Here’s a fun fact: I enthusiastically ate this cereal as a child. I remember it being dry, sweet, and yes, undeniably dick-shaped.


What hasn’t already been said about Die Hard, other than they really really need to stop making sequels to it. As the villain in this film I don’t remember the character making an enormous impact right away, more like it became legendary over time. Hans Gruber, I’d bet dollars to pesos, has been in the screenplay notes of more action films in the last three decades since than we’ll ever be aware of and with good reason. The confidence, the poise, and most importantly in my opinion, was the intelligence of the character. The bad guys in the 80s were not, by and large, imaginative or three-dimensional. And they certainly weren’t charming. Rickman was all those things before he got out of bed in the morning and my favorite part of Die Hard, is when McClane and Gruber cross paths. Hans slips into the innocent bystander role and the suspense that builds between them is thrilling as any action set in the whole film.


I grew up a Kevin Smith fan before I was really a film fan and as much as I love the guy on a personal level his films are all across the board quality-wise. Lately, I blame Seth Rogen for turning him into a pothead on the set of Zach and Miri Make a Porno but when the View Askewniverse was still going strong Smith had real indie cred to throw around. The cast of Dogma would be nightmare to try and assemble in 2016, it’s an impressive group and, when film became less of a past time and more of a hobby, I realized what an anomaly Rickman is in this flick. It speaks to his range and courage as an actor to star in a religious/fantasy comedy from the man who, at that point, was only Clerks, Mallrats, and Chasing Amy. It was a hell of a change in tone by a classically trained stage actor and speaks to something that I am only aware of about the man via hearsay and gossip: his sense of humor. I don’t know a finer quality in a successful professional with his gift of gravitas but by all accounts Rickman was also as humble as he was scary. Which is to say, tremendously. And who says he was allowed to be so funny on top of it? Alan Rickman says, that’s who. If you have not seen Galaxy Quest, you’ll find another departure in style, another risk taken by an actor that could have stayed in his comfort zone all the way to the bank and back. But he did not.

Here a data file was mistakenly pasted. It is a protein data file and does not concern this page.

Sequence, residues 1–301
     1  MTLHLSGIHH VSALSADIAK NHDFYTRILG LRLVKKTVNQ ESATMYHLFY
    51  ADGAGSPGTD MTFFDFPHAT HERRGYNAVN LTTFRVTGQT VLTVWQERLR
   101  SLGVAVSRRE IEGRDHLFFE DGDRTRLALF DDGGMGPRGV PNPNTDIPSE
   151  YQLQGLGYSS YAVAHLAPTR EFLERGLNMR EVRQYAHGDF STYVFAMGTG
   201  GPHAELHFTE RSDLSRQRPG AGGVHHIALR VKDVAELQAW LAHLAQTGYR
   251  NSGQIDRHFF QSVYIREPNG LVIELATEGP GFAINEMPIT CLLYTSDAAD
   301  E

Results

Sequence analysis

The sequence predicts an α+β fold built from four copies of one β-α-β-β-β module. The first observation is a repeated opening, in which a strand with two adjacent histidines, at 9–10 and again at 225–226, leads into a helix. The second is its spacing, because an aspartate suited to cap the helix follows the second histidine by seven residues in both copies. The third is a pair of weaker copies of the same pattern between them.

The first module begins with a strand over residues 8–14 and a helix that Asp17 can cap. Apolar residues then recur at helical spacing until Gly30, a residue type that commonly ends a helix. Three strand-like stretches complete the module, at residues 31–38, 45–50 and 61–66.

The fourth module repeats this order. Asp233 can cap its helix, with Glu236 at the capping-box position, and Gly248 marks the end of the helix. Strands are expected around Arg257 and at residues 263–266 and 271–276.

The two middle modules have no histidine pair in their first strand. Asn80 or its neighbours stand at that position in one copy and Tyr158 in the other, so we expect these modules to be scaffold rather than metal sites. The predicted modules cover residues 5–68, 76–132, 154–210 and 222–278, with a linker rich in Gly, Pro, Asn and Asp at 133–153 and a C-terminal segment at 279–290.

Alan Rickman starred in more than a few films in the middle period of his career and yet another remarkable thing about the man, and a handful of gifted actors, is when parts started being written with him in mind. He created and defined an archetype, like a Christopher Walken or an Al Pacino, but much more quietly and without the caricature. And the one that he is most famous for and will be defined by is, of course, Severus Snape. JK Rowling admits to having him in mind writing the books and there has not been a more perfect piece of casting in pop culture history. I… (ahem, keep it together, Florez, you knew this part was coming), while looking up appropriate gifs and links to keep this piece fun and upbeat in light of the subject matter I had to navigate many images and memories that I’d rather not have navigated. “Lily? After all this time?”, and then I lost my shit. I showed up to the Harry Potter Universe way after the films had finished so when I started reading the books I would throw things on Facebook like, “Finally reading the Potter books. Apparently, this kid is some sort of wizard,” and then I’d giggle to myself about my coy humor. And, just like that time I drank a bottle of wine while watching Les Miserable, a thing I started out teasing or making fun of became something I got so caught up in I wept like a baby throughout. And whenever Russell Crowe sang.